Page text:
The Wild Swans
April 2, 2005 marks the 200th anniversary of Hans Christian Andersen’s birth. This reissue of an early work proves that Andersen remains a master of the fairy tale, infusing the simple theme of good vs. evil with elements of magic and enchantment to create a hauntingly irresistible tale for readers of all ages.
Young Elisa and her eleven brothers are the children of a king, and live a life of royal luxury. The boys “wrote on gold slates with diamond pencils” and Elisa’s best picture book “cost half a kingdom.”
Everything changes when their father marries an evil queen who transforms the boys into wild swans and drives them from the palace, then convinces the king to banish Elisa from his court. Driven from her home, Elisa endures solitude, misunderstandings, and even the threat of execution as she tries to accomplish an impossible task, which is the only way to bring her brothers back to their human forms. The journey toward her “fairy tale ending” is arduous, but Elisa is resourceful, determined, and a heroine for readers to admire.
In a brief introduction, experienced Andersen translator Lewis provides well-made source notes that identify the first publication date of this story as 1837, and then supplies historical and cultural details that enhance the tale’s themes of flight and travel. Also included is a brief history of Andersen’s rise from a poverty-stricken child to “the best-known, most-loved Dane in the entire reading—and listening—world.”
The translation is in keeping with the formal yet direct narration that readers expect from a classic fairy tale. The plot moves quickly, but is sprinkled with descriptive imagery, both beautiful (“wonderful flowers, vast in size, like mill wheels”) and fearsome (“stinging nettles” which “scorched her skin like fire” or the lamias, “those witches that are half snake, half woman.”) The combination of simple storytelling and rich description evokes a magical setting, long ago and far away. Judicious use of dialogue enriches the tale and gives added appeal to this story as a read-aloud.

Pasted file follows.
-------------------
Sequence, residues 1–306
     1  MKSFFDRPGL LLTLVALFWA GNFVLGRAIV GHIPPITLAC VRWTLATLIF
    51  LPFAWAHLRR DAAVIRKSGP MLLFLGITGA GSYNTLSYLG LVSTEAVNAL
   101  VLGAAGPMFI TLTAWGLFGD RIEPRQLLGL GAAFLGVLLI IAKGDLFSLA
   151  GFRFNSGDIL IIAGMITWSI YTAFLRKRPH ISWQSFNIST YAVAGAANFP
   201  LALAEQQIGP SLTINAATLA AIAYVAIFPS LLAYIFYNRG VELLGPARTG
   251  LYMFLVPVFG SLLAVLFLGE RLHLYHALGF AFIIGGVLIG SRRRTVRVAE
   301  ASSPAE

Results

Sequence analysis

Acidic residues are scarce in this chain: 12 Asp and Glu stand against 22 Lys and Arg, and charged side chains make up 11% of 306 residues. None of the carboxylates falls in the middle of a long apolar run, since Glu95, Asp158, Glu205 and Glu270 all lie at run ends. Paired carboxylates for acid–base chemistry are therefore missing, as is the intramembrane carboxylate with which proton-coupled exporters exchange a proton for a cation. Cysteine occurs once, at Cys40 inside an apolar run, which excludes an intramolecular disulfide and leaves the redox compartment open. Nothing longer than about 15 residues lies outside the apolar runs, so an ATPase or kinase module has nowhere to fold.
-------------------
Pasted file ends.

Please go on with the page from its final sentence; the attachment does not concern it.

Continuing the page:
Realistic colored-pencil drawings illustrate the tale in a lush, vibrant style. Gilbert’s attention to the details of court and clothing highlight the European origins of this story, even as her meticulous renderings of fantastical elements like fairies, unicorns, and a menacing graveyard add to its otherworldliness.
The best fairy tales appeal to a wide audience of varying ages, and this book is among the finest of the classic European tales published recently. Libraries will want this book as a permanent addition to their fairy tale collections, and families will find that its universal appeal and depiction of strong love between siblings make it a wonderful read-aloud and a great springboard for discussion of “family values” that are really worth talking about: hope, loyalty, and love.
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